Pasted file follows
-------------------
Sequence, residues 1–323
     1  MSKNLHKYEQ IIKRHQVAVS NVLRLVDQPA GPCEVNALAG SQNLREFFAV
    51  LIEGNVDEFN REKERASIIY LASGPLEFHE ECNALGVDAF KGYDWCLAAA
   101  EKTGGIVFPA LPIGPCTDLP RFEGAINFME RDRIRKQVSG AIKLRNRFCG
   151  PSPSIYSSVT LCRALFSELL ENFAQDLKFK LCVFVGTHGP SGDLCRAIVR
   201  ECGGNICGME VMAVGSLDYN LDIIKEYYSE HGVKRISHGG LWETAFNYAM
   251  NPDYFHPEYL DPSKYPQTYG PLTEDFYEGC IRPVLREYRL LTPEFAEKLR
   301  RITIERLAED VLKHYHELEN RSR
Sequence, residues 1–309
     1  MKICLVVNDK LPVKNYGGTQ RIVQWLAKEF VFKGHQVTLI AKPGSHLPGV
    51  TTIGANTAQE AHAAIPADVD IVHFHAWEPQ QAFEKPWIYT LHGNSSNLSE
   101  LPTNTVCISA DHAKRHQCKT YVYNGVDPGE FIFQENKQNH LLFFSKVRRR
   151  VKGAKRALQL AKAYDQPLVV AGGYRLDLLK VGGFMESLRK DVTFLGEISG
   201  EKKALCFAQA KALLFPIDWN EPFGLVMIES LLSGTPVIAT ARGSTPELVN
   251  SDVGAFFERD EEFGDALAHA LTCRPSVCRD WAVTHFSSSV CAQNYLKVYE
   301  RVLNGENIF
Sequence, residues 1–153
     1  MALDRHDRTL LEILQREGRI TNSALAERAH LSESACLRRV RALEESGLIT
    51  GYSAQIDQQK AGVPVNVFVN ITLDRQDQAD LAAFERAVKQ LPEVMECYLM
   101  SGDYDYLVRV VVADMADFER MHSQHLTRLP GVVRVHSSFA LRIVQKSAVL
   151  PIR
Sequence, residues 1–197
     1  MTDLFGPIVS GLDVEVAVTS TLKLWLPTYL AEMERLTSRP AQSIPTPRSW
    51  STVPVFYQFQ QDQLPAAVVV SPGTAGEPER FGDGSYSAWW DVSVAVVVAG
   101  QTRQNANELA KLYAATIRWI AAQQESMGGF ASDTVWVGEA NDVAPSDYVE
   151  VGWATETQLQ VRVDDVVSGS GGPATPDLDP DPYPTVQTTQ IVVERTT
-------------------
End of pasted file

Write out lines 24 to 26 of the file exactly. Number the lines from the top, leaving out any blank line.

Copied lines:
    51  STVPVFYQFQ QDQLPAAVVV SPGTAGEPER FGDGSYSAWW DVSVAVVVAG
   101  QTRQNANELA KLYAATIRWI AAQQESMGGF ASDTVWVGEA NDVAPSDYVE
   151  VGWATETQLQ VRVDDVVSGS GGPATPDLDP DPYPTVQTTQ IVVERTT